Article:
Since the early days of New York’s Lower East Side tenement houses, working class people have shared beds, making such spaces a fundamental part of immigrant life. Initially documented in Jacob Riis’ now controversial late 19th Century photography, a “shift-bed” is an actual bed that is shared by people who are neither in the same family nor in a relationship. Simply put, it’s an economic necessity brought on by the challenges of urban existence. Such a bed can become a remarkable catalyst for storytelling as absolute strangers become de facto confidants.
Early on in the production of Your Day is My Night, our intern Emily Ludolph trapsed around the Lower East Side where Riis had photographed, looking for the actual buildings that appeared in the photographs over one hundred years earlier. This initial research led to a greater understanding of the neighborhood’s history and the way these buildings continue to shape urban life in New York City. This connection led to our Tenement Talk at the Lower East Side Tenement Museum in October of 2012.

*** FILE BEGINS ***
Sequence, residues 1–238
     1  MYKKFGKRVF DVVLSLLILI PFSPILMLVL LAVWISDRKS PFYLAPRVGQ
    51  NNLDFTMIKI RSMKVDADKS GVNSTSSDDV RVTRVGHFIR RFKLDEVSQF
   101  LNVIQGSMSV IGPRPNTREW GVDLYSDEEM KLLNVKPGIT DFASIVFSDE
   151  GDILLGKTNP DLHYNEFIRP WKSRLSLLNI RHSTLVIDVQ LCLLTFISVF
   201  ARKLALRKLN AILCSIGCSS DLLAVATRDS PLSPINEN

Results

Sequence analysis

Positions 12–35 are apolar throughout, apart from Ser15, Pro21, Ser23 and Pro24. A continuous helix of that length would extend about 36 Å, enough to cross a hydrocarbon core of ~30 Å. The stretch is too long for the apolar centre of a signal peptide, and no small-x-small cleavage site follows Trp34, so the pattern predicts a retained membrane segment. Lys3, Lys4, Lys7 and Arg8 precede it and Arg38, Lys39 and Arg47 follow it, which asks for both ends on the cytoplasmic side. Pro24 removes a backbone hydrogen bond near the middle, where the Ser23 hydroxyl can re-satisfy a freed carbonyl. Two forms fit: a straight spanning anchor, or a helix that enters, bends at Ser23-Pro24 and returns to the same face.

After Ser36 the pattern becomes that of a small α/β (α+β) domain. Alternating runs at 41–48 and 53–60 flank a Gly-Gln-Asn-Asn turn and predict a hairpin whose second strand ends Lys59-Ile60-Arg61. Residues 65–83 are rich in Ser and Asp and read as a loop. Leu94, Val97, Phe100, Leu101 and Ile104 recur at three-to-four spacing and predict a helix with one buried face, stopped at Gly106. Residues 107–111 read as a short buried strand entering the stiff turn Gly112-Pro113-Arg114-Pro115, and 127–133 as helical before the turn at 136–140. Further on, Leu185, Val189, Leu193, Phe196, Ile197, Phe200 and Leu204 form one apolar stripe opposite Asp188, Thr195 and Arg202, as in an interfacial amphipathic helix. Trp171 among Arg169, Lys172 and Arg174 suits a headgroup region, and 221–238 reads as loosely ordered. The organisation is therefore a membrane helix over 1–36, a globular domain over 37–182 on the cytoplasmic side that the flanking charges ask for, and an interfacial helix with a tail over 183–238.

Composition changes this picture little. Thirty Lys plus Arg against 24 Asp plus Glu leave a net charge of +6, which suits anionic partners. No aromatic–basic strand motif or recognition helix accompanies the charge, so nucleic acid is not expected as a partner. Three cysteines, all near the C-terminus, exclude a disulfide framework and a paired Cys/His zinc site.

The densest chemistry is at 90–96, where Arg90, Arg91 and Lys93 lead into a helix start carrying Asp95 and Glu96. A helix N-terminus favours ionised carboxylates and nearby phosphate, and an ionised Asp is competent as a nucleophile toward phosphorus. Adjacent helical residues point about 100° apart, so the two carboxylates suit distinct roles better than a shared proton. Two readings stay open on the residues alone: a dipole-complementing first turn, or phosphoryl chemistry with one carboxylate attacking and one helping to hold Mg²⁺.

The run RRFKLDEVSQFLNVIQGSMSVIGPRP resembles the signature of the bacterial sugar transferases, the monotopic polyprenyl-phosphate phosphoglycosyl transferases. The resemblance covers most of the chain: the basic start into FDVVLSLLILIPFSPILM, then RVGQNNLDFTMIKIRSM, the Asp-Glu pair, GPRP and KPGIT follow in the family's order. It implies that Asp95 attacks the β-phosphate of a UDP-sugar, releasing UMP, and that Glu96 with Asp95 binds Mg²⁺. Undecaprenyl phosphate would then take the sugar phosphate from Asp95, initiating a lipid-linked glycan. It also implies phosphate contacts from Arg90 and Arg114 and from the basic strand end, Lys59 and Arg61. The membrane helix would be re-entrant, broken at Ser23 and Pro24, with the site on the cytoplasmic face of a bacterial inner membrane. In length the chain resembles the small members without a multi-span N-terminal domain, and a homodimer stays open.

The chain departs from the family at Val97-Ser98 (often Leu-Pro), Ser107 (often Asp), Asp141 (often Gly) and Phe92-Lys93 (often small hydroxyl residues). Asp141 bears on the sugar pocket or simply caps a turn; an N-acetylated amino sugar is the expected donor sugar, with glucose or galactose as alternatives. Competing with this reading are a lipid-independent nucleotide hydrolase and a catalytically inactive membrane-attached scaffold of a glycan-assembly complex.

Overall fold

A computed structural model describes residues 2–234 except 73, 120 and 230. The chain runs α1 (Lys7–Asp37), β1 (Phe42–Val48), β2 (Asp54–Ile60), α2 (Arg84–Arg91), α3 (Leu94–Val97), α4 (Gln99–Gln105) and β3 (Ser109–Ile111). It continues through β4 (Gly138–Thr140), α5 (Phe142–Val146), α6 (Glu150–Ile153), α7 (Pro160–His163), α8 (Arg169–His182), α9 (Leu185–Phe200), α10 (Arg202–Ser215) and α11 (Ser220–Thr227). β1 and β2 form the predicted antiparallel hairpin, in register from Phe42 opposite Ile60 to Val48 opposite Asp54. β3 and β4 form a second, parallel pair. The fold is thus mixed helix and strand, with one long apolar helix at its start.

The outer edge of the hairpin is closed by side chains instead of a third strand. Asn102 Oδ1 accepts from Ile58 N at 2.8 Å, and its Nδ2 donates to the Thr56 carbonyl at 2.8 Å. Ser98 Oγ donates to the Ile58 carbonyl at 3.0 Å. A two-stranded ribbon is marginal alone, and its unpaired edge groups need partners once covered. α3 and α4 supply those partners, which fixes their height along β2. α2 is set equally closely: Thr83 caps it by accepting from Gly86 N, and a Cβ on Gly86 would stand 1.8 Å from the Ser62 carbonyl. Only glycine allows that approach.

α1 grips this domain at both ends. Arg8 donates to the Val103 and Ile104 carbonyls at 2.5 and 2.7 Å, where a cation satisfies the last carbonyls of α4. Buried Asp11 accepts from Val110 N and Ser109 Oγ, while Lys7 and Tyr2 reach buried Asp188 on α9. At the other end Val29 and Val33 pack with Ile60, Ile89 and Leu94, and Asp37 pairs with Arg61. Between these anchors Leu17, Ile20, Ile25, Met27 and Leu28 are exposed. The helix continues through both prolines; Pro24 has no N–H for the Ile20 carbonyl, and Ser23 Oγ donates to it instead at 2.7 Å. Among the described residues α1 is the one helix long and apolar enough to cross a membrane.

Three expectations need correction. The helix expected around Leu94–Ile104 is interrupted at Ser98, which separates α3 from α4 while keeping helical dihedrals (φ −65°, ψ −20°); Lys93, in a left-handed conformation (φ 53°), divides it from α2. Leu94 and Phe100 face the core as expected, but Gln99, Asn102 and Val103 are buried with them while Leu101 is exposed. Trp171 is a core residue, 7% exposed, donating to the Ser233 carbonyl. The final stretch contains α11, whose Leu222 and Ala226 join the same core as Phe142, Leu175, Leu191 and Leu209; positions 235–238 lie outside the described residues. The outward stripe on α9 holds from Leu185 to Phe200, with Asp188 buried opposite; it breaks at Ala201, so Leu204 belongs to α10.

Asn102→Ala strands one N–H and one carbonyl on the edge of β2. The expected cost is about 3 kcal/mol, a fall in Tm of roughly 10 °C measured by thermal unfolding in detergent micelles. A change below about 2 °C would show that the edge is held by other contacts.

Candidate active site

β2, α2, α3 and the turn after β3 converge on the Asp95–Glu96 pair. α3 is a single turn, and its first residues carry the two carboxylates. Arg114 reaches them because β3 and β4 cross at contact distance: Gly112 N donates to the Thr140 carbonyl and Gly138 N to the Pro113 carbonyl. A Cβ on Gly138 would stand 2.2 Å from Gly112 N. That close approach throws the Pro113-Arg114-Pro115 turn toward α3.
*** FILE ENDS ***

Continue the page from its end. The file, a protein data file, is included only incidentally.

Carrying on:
Later, during our performances at University Settlement, we invited Emily Gallagher of the Tenement Museum to contribute to our post-show conversation. Emily brought up the more recent critiques of Riis’ photographs and essays, pointing to the veiled elitism and racism in his renowned book How the Other Half Lives and our attempt to reckon with this legacy.